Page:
• The English voice work is great.
  • Plenty of humour.

Negatives:

  • Doesn’t explore character and narrative as much as it could have.
  • A couple of reused attack and transformation animations.
  • Dumb luck and contrivance wins some fights.

I first watched Zoids New Century during its release stint in English. My younger sibling was obsessed with the show, which inadvertently got me interested in the series – not that I had a choice with only one TV in the house as a teen. Watching it again a decade later for review, I wasn’t expecting much. I theorised that any positive opinion I had regarding the anime was likely nothing more than nostalgia. Battle anime aimed at a young audience don’t incite high hopes. However, it turns out that Zoids NC is a good show, far better than anticipated.

Zoids New Century is set 4000 years after the classic Zoids series, and other than the use of robot Zoids, the two series have little in common. Where the classic had an adventure narrative, New Century is closer to traditional battle anime with fights lasting an episode or two – this is one of Zoids’s strengths; the fights don’t drag on for a dozen episodes each. In its twenty-six episodes, Zoids has more battles than Dragon Ball Z does in a hundred. These battles centre on protagonist Bit Cloud, pilot of the Liger Zero, and his supporting pilots Brad the mercenary, Leena the rage machine, Jamie the timid tactician, and Doc Toros the Zoid engineer. Together, they make the Blitz Team.

The premise is simple. Teams fight against each other in sanctioned battles, usually 3 vs. 3, though it varies on occasion. Bit infiltrates the Blitz Team and steals the Liger Zero, a temperamental Zoid that refused to allow anyone to pilot it due to its stubborn and impetuous AI. After winning a battle for them, the team allows him aboard (not before Leena rages at him for taking the spotlight in the battle).

The battles have good variety with each opponent bringing their own strengths to overcome that shape the battle’s theme. While not overly strategic, each battle has good back and forth, and not the typical smash faces together until someone wins. The main flaw is that dumb luck wins a few fights early on, but this isn’t a big problem. It also helps that the characters are fun. Sure, they may not have incredible emotional depth or tortured souls, but they bring life and enthusiasm to the narrative, especially in the English voice track, and don’t have anything stupid about them.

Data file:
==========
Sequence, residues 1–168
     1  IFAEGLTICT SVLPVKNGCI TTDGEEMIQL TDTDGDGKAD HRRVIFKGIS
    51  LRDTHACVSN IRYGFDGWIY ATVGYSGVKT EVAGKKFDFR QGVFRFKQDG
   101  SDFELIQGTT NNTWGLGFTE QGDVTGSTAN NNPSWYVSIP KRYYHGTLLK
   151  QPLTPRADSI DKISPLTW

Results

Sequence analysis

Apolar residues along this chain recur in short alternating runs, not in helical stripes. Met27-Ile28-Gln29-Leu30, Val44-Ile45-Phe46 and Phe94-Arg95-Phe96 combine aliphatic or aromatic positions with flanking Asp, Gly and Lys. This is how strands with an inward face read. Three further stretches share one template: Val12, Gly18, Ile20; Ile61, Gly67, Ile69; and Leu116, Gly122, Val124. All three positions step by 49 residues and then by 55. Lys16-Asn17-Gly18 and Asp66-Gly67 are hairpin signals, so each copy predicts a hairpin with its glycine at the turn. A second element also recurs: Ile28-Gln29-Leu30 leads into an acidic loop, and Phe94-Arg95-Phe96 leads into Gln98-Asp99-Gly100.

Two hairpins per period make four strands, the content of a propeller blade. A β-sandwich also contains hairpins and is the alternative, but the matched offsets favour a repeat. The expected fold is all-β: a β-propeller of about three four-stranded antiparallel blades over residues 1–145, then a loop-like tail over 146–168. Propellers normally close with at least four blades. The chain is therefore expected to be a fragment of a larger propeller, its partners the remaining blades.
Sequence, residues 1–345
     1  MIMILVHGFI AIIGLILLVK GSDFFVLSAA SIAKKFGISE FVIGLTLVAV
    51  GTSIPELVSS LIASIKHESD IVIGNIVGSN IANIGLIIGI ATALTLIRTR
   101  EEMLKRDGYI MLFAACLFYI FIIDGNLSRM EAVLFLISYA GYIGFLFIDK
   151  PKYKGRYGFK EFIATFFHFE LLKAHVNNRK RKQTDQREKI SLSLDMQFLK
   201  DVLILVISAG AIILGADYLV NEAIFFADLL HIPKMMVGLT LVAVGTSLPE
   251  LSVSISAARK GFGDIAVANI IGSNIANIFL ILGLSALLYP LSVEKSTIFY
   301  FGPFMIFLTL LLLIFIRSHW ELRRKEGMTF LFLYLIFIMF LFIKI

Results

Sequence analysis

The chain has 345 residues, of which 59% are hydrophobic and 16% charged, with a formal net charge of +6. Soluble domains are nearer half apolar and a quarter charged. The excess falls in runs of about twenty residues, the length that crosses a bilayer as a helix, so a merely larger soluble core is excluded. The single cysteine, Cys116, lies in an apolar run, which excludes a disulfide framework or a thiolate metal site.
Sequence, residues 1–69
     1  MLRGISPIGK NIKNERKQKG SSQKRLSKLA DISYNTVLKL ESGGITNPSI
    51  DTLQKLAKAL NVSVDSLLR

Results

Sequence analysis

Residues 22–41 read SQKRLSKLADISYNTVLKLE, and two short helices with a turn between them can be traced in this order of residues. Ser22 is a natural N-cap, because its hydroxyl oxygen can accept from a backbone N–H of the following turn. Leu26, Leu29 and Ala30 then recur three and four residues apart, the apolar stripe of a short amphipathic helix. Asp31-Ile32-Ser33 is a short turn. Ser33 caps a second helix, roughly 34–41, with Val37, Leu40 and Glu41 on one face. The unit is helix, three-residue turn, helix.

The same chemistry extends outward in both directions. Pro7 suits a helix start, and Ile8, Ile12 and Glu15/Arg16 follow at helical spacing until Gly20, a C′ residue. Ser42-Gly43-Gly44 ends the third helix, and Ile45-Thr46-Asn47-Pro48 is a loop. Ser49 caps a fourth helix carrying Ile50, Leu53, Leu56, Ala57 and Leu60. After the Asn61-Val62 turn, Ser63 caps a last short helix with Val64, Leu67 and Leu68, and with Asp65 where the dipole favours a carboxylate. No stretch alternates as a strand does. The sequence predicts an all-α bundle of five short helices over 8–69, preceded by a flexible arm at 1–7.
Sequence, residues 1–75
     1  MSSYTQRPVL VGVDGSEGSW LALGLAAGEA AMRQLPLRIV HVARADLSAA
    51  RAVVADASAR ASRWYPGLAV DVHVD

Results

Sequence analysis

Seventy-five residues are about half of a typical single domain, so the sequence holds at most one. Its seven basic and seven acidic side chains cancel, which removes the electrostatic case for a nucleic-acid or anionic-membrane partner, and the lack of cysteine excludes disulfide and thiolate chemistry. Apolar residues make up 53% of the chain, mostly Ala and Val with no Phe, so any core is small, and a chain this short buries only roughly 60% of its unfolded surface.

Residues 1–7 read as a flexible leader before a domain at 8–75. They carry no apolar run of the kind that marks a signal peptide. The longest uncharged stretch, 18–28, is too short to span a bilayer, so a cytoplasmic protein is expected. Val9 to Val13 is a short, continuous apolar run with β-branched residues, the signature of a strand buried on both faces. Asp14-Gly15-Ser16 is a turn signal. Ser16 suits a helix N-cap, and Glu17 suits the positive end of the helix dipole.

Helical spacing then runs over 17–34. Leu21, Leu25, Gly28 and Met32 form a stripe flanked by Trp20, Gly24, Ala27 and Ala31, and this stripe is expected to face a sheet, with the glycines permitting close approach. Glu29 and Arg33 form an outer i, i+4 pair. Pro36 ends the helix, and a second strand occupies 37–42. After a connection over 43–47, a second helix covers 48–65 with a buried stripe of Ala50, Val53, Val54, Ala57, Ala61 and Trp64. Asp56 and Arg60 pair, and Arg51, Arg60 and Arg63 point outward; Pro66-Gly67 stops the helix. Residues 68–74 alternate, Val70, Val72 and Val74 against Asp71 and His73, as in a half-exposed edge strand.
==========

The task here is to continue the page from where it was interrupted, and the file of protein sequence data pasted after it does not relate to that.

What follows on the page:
The narrative never gets heavy handed, keeping its focus on the battles. Even when the villainous Backdraft Group comes in (similar to Team Rocket – not Jesse and James) humour remains with their focus on cheating to win, even so far as to bring in their own snarky robot judge to favour the villains. Harry Champ, a man destined to be king, is a hilarious antagonist, who keeps trying to defeat Bit with his expensive Zoids because he thinks Leena is Bit’s girlfriend, and Harry has the hots for her.

The creators knew what made for an engaging battle anime and stuck to it. While Zoids is safe, it works and is an enjoyable watch.

Art – Medium

Zoids makes great use of CG for the mechs, blending them into the standard art, one of the early examples to do so successfully, even if repeated on occasion. At first, you may notice the CG, but it doesn’t take long to fade.

Sound – High

Battle sounds and Zoid roars work well. Ocean Group (Vancouver studio known for Black Lagoon and Gundam) did a great job with a strong cast of actors that brought out their personalities much more than the Japanese had. Bit and Leena in particular have much greater range and emotion.

Story – Medium

Though safe, the characters are good enough to carry the show and bring life to the narrative.

Overall Quality – Medium

Recommendation: A good show for anyone looking to have fun with a fast-paced battle anime about dinosaur robots beating the snot out of each other.

(Request reviews here. Find out more about the rating system here.)

 

Awards: (hover mouse over each award to see descriptions; click award for more recipients)

Positive:

Positive Recommended English Voice Track

Negative: None

Blade – Review

Japanese Title: Blade

 

Similar: Hellsing Ultimate

Blood: The Last Vampire

X-Men

 

Watched in: English & Japanese

Genre: Supernatural Vampire Action